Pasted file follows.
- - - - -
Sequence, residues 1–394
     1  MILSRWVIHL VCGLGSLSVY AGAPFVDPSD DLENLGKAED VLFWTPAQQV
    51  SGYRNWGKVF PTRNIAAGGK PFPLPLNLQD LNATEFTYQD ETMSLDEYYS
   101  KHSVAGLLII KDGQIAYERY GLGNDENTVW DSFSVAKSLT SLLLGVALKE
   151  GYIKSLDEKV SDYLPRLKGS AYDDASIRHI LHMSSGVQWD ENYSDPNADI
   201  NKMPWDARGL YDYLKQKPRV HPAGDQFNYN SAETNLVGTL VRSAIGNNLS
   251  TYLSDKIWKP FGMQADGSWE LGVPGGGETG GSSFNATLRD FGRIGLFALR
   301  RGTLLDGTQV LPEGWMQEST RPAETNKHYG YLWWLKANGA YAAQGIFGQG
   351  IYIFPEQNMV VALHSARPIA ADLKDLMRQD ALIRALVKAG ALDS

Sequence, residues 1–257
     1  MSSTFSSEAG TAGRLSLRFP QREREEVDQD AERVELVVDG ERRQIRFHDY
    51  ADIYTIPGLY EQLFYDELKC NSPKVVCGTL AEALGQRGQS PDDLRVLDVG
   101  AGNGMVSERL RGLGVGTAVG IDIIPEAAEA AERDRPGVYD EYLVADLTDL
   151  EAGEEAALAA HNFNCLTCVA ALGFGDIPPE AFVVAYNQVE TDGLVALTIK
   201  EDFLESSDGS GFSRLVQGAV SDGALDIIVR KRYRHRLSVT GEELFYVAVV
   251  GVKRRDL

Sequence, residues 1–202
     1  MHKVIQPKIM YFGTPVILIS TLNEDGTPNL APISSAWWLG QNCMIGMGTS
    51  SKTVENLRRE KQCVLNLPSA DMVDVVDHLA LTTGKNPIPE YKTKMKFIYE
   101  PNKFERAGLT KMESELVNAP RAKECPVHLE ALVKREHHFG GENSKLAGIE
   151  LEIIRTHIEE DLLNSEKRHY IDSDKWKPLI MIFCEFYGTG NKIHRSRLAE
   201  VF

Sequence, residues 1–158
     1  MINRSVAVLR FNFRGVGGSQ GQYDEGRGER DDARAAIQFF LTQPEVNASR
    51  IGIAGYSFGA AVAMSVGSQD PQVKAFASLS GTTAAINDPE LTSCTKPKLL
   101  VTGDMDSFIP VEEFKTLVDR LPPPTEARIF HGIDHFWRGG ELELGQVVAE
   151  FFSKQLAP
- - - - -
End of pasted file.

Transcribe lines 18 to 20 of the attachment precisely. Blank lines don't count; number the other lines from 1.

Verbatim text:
     1  MHKVIQPKIM YFGTPVILIS TLNEDGTPNL APISSAWWLG QNCMIGMGTS
    51  SKTVENLRRE KQCVLNLPSA DMVDVVDHLA LTTGKNPIPE YKTKMKFIYE
   101  PNKFERAGLT KMESELVNAP RAKECPVHLE ALVKREHHFG GENSKLAGIE